Brad Donohue, Travis Loughran, Michelle Pitts, Yulis Gavrilova, Griag M Chow, Arturo-Soto-Nevarez and Kimberly Schubert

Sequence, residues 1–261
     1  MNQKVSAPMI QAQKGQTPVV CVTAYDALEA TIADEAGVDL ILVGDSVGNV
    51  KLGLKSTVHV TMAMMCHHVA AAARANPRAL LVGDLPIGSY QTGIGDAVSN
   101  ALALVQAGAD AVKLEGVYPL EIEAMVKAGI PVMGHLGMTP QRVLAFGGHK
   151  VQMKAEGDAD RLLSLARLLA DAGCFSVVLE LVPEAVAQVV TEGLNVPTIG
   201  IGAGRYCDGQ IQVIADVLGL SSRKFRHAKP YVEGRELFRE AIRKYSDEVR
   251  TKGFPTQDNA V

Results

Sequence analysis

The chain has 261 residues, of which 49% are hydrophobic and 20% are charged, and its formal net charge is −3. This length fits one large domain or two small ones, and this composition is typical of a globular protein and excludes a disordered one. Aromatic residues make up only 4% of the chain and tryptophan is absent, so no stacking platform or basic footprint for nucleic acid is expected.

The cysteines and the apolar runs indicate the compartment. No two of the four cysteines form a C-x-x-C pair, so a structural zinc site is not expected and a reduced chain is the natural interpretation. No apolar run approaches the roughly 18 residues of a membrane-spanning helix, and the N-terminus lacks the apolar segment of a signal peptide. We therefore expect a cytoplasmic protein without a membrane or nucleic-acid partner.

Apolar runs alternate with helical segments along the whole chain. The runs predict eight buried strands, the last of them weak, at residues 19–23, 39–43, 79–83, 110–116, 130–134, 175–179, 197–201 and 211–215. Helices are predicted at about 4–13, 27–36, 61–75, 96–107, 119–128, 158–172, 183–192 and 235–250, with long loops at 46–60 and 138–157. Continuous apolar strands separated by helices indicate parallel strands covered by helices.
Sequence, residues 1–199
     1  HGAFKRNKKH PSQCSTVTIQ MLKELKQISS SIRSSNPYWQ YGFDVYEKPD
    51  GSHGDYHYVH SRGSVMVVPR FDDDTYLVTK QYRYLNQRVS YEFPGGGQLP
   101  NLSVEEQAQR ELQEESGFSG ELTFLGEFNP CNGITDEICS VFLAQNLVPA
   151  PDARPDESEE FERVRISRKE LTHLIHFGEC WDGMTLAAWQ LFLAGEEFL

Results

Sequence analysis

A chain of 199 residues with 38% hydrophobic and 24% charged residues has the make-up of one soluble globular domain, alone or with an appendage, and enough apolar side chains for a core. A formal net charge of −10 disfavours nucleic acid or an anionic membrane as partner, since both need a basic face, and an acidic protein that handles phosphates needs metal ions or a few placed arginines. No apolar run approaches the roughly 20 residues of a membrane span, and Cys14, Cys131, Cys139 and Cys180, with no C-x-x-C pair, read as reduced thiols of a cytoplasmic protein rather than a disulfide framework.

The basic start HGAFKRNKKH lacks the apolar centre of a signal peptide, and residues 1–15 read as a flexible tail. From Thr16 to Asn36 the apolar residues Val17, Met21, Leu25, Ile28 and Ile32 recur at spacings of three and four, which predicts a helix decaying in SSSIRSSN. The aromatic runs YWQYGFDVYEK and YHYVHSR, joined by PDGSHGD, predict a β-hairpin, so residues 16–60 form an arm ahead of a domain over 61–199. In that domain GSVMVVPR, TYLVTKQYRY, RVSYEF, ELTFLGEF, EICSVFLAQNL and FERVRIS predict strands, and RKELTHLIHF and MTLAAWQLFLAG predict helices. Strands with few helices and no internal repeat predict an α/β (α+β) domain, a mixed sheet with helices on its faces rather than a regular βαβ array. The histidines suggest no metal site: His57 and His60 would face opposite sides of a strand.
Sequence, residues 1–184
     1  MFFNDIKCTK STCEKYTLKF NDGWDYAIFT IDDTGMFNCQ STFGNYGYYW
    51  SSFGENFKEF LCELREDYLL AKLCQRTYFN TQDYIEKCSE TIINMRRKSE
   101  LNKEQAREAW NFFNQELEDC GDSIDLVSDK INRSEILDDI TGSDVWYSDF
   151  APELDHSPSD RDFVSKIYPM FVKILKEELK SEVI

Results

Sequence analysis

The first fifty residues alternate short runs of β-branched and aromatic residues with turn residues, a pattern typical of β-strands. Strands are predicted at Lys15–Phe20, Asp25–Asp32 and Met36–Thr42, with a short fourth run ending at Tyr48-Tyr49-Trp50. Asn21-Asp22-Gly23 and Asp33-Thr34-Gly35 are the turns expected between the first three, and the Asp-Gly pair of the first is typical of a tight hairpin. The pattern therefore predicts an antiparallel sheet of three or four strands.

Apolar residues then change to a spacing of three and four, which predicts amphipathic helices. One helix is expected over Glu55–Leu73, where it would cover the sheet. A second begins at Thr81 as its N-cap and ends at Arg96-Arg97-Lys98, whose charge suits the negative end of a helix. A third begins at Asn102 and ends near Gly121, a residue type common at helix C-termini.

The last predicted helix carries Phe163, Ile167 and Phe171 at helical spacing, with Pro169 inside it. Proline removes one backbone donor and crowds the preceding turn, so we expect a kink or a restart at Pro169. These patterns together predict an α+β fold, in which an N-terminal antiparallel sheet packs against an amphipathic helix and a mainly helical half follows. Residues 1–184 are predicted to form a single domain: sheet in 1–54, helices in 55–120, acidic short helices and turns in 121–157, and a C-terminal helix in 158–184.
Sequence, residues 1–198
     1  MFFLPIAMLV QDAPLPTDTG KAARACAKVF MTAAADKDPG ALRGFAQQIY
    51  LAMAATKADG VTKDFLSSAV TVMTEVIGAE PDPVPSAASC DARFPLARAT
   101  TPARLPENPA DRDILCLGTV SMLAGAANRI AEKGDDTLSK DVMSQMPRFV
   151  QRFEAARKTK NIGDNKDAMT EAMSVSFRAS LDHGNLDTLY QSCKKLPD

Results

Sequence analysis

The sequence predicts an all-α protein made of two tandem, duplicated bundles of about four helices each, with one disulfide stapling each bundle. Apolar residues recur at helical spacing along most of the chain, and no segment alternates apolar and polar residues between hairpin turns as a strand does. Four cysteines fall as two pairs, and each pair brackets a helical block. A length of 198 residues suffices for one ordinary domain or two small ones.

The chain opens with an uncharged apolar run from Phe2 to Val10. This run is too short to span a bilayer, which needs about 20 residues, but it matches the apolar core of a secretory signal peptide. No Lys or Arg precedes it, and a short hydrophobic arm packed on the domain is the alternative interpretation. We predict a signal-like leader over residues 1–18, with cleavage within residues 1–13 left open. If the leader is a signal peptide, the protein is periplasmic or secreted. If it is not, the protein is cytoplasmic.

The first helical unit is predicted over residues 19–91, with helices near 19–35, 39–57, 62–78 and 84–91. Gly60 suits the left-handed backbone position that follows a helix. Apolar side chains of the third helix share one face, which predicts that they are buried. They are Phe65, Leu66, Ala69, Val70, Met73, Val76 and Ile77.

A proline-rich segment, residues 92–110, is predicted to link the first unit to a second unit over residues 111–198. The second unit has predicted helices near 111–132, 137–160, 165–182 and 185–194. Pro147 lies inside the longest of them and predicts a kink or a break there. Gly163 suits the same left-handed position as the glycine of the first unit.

Alcohol abuse prevention and mental sport performance programming are becoming increasingly significant in collegiate athletics. There are certainly advantages in the integrated provision of these intervention approaches. However, substance abuse professionals rarely address sport performance, and sport performance experts rarely address alcohol abuse prevention. Therefore, in this clinical trial, 201 NCAA athletes were randomly assigned with a significant other to participate in brief assessment, goal development, and contingency contracting or a wait-list control after completing the Sport Interference Checklist (SIC) and Alcohol Use Disorders Identification Test (AUDIT). Results indicated that participants who were randomly assigned to the experimental program, as compared with participants who were assigned to the control group, reported significant decreases in alcohol consumption (AUDIT), dysfunctional thoughts and stress in competitive sporting events and academic and injury management factors that interfere with training, from baseline to 2 months post-baseline. No differences were found between the experimental groups in other SIC subscales. Future directions are discussed in light of the results.